Hard-Hit Schools Getting Help


Just 20 miles separate Ramaz and Mazel, two co-ed Orthodox day schools whose names, when rendered in Hebrew, are but one letter apart. But in many ways the two institutions could not be more different. With over 1,000 students, a 75-year history and an Upper East Side address, Ramaz serves some of New York’s most affluent Jewish families.

Mazel, by contrast, was founded just 10 years ago in Brighton Beach by a group of Russian Jewish parents, many of them first-generation Americans, and it has just 140 students. Since its modest Brooklyn facility, and with it the school’s furniture, computers, books and other materials, was devastated by flooding from Hurricane Sandy, Mazel has been holding classes in temporary locations.

While Mazel may be homeless, it is hardly an orphan. In fact, Ramaz, as part of a wide range of hurricane relief efforts (it also donated surplus furniture to Yeshiva of Belle Harbor), recently volunteered to “adopt” Mazel: after consulting with the damaged school’s leaders, the Manhattan school has decided to donate furniture, help re-stock Mazel’s library and direct its own parents to make purchases from Mazel’s book-and-supply wish list on Amazon.com.

Paul Shaviv, Ramaz’s head, said “some mutual visits are also in the works.”

“We understand fully that it will take months for the school to recover,” he said. “We see this as a long-term relationship.”

Ramaz’s gesture is one of many made in the past week to help storm-damaged day schools and yeshivas. Rabbi Shlomo Yehuda Rechnitz, a Los Angeles philanthropist who gives to a variety of Orthodox institutions, donated $1 million — through Torah Umesorah, a national network of Orthodox yeshivas — to assist damaged day schools. Rabbi Zvi Bloom, Torah Umesorah’s executive director, told The Jewish Week that while “exact numbers” have not yet been determined, $600,000 will be divided among about 20 New York-area schools, while the remaining $400,000 will go to various local Jewish community assistance funds that help individuals.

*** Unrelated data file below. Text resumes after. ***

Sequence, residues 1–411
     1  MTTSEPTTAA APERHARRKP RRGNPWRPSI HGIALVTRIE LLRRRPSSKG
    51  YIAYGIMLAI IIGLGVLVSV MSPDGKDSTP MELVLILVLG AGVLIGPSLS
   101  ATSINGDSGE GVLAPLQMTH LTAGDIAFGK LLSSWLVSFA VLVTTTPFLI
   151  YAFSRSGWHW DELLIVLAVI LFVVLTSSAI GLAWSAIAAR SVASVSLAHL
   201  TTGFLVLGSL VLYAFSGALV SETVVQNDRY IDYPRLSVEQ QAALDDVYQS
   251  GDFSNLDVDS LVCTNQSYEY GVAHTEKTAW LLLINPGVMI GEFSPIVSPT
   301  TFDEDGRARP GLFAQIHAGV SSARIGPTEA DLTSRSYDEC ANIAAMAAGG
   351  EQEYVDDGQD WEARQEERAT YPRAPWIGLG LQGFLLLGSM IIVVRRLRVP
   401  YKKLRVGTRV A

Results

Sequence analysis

In addition, last week UJA-Federation and the Avi Chai Foundation distributed $500,000 to a total of 437 day school faculty members from 44 schools; among them were 18 employees, or 20 percent of the staff, at Yeshiva of the South Shore, in Hewlett, L.I.

Tzippy, an office worker at the school who did not want to have her last name published, said her Far Rockaway home was flooded with three feet of sewage and her family has been staying with her mother in Brooklyn.

The emergency grant “came at the right time,” she said, noting that she is still waiting to hear from her insurance company yet has had to put money down to pay for mold removal.

Federation and Avi Chai will distribute another $1 million in December for tuition assistance to families unable to pay due to storm-related property losses.

Both sets of grants, while administered through the schools, are for households in Zone A and the South Shore of Long Island that were affected by the storm, rather than for repairs to the schools themselves.

Approximately 15 schools, including the Yeshiva of the South Shore’s early childhood building, withstood serious physical damage. It is not yet clear how much of these schools’ repairs will be covered through insurance and FEMA grants, for which schools are eligible to apply.

Meanwhile, Ramaz is just one of many undamaged schools looking to assist hurricane-impacted ones.

Rabbi Ellis Bloch of the Jewish Education Project’s day school department, which, at Ramaz’s request, connected it to Mazel, said other schools, including the Upper West Side’s Abraham Joshua Heschel School, have also approached him with twinning requests.